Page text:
• Search Google Scholar
    • Export Citation
  • 7.

    Buss LF et al.2021. Three-quarters attack rate of SARS-CoV-2 in the Brazilian Amazon during a largely unmitigated epidemic. Science 371: 288292.

    • Search Google Scholar
    • Export Citation
  • 8.

    Eyre DW et al.2021. Quantitative SARS-CoV-2 anti-spike responses to Pfizer-BioNTech and Oxford-AstraZeneca vaccines by previous infection status. Clin Microbiol Infect 27: 1516.e71516.e14.

    • Search Google Scholar
    • Export Citation
  • 9.

    Anderson M , Stec M , Rewane A , Landay A , Cloherty G , Moy J , 2021. SARS-CoV-2 antibody responses in infection-naive or previously infected individuals after 1 and 2 doses of the BNT162b2 vaccine. JAMA Netw Open 4: e2119741.

    • Search Google Scholar
    • Export Citation
  • 10.

    Krammer F , 2020. SARS-CoV-2 vaccines in development. Nature 586: 516527.

  • 11.

    Butterfield TR et al.2021. Assessment of commercial SARS-CoV-2 antibody assays, Jamaica. Int J Infect Dis 105: 333336.

  • 12.

    Röltgen K et al.2020. Defining the features and duration of antibody responses to SARS-CoV-2 infection associated with disease severity and outcome. Sci Immunol 5: eabe0240.

    • Search Google Scholar
    • Export Citation
  • 13.

    World Health Organization , 2021. Living Guidance for Clinical Management of COVID-19. Geneva, Switzerland: WHO.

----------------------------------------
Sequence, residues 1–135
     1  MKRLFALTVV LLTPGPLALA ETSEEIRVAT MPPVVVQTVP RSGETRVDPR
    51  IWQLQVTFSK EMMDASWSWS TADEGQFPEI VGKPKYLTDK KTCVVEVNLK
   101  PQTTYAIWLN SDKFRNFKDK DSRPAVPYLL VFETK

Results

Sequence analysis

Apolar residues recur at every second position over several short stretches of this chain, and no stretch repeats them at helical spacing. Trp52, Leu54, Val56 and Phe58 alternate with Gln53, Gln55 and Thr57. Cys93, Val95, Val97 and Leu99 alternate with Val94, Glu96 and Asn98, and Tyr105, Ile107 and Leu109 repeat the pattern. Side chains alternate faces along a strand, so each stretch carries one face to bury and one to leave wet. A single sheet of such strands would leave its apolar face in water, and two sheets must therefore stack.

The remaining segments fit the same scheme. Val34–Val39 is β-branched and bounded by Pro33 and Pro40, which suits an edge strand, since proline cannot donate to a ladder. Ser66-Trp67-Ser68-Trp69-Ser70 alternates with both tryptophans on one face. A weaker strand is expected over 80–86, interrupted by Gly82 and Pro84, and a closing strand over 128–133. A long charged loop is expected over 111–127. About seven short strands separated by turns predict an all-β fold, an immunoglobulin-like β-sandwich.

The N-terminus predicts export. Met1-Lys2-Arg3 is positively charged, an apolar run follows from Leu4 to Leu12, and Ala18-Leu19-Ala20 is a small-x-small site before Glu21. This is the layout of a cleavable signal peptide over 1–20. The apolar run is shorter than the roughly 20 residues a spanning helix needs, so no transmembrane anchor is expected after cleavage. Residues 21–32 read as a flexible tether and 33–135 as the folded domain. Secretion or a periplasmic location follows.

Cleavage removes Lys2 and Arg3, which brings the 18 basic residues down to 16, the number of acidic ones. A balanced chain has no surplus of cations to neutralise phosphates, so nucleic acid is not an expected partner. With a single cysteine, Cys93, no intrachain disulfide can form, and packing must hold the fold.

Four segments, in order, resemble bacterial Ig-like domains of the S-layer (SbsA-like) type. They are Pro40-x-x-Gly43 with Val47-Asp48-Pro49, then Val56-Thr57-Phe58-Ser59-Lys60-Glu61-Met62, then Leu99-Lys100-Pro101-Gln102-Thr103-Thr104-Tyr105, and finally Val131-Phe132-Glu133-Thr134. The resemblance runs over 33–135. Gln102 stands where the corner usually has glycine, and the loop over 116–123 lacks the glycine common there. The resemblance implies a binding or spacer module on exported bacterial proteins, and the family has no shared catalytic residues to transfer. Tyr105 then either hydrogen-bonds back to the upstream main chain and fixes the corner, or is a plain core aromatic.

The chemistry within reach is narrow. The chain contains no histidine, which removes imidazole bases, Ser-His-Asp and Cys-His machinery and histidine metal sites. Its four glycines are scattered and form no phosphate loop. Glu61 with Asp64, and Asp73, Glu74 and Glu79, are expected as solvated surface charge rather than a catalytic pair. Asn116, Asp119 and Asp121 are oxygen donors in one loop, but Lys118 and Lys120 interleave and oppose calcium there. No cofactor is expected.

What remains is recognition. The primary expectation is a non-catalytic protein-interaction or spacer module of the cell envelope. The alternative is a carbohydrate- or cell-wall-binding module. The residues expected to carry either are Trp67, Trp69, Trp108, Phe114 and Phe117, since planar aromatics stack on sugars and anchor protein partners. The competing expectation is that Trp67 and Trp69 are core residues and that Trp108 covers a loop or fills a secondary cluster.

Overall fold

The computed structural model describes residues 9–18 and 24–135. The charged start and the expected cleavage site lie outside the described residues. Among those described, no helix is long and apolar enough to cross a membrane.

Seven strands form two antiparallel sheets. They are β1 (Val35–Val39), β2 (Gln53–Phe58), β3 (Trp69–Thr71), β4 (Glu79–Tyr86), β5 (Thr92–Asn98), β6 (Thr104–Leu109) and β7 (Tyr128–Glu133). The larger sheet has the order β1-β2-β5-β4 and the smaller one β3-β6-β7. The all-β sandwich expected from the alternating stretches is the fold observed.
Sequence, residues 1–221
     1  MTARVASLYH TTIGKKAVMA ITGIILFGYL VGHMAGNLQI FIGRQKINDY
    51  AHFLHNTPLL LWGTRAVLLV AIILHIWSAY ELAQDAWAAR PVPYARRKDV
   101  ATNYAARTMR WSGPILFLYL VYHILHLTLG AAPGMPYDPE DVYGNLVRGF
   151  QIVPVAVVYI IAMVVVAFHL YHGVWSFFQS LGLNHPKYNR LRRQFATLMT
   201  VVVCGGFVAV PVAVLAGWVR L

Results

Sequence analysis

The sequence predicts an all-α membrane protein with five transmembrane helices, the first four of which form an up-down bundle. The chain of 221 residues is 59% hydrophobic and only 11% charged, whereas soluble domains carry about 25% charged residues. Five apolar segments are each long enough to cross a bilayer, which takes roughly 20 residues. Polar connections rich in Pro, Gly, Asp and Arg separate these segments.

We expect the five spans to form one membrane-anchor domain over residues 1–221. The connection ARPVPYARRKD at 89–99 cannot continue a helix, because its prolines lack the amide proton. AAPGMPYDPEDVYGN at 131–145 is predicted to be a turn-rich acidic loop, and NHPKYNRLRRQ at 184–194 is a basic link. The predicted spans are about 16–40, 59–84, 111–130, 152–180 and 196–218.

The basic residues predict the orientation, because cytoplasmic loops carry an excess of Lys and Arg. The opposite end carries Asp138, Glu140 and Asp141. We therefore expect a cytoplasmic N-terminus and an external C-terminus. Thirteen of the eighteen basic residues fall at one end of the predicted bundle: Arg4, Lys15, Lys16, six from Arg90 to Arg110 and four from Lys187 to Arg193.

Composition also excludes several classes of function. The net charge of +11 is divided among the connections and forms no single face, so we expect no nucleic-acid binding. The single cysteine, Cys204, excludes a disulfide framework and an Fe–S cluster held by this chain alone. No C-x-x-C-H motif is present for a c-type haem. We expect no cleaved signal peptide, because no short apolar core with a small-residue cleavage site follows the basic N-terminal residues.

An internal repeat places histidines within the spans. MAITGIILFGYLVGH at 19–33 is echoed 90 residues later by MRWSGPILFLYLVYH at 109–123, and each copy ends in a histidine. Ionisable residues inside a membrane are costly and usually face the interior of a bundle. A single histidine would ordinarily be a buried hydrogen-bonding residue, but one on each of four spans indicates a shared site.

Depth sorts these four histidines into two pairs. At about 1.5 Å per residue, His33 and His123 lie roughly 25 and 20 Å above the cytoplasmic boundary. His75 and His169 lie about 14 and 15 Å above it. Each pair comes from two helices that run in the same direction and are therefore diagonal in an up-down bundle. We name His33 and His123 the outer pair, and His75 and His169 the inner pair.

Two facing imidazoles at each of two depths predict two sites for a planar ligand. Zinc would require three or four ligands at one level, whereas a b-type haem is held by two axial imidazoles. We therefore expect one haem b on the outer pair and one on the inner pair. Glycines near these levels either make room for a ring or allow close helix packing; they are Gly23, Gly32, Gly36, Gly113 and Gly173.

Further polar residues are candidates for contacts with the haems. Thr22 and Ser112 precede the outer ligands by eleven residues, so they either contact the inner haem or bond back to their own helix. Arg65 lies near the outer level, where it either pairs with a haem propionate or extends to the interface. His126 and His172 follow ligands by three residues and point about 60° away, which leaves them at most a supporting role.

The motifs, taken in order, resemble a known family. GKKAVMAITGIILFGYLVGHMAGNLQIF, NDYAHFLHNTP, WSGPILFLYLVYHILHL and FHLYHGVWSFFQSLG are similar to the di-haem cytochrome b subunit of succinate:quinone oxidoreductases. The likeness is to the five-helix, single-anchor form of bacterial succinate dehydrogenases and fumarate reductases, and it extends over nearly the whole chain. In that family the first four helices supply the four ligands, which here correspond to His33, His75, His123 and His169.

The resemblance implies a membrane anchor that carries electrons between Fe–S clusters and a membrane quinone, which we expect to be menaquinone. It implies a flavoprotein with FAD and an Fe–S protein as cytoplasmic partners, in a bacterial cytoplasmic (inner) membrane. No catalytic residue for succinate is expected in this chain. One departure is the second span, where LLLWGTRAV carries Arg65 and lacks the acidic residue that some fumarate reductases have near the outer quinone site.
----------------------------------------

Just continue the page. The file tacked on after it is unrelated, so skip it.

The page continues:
• 14.

    Folegatti PM et al.2020. Safety and immunogenicity of the ChAdOx1 nCoV-19 vaccine against SARS-CoV-2: a preliminary report of a phase 1/2, single-blind, randomised controlled trial. Lancet 396: 467478.

    • Search Google Scholar
    • Export Citation
  • 15.

    Voysey M et al.2021. Single-dose administration and the influence of the timing of the booster dose on immunogenicity and efficacy of ChAdOx1 nCoV-19 (AZD1222) vaccine: a pooled analysis of four randomised trials. Lancet 397: 881891.

    • Search Google Scholar
    • Export Citation
  • 16.

    Flaxman A et al.2021. Reactogenicity and immunogenicity after a late second dose or a third dose of ChAdOx1 nCoV-19 in the UK: a substudy of two randomised controlled trials (COV001 and COV002). Lancet 398: 981990.

    • Search Google Scholar
    • Export Citation
  • 17.

    Perkmann T , Perkmann-Nagele N , Koller T , Mucher P , Radakovics A , Marculescu R , Wolzt M , Wagner OF , Binder CJ , Haslacher H , 2021. Anti-spike protein assays to determine SARS-CoV-2 antibody levels: a head-to-head comparison of five quantitative assays. Microbiol Spectr 9: e00247e21.

    • Search Google Scholar
    • Export Citation
  • 18.

    Feng S , Phillips DJ , White T , Sayal H , Aley PK , Bibi S , Dold C , Fuskova M , Gilbert SC , Hirsch I , 2021. Correlates of protection against symptomatic and asymptomatic SARS-CoV-2 infection. Nat Med 27: 2032–2040.

    • Search Google Scholar
    • Export Citation
  • 19.

    Gilbert PB et al., 2021. Immune correlates analysis of the mRNA-1273 COVID-19 vaccine efficacy trial. Science 375: 43–50.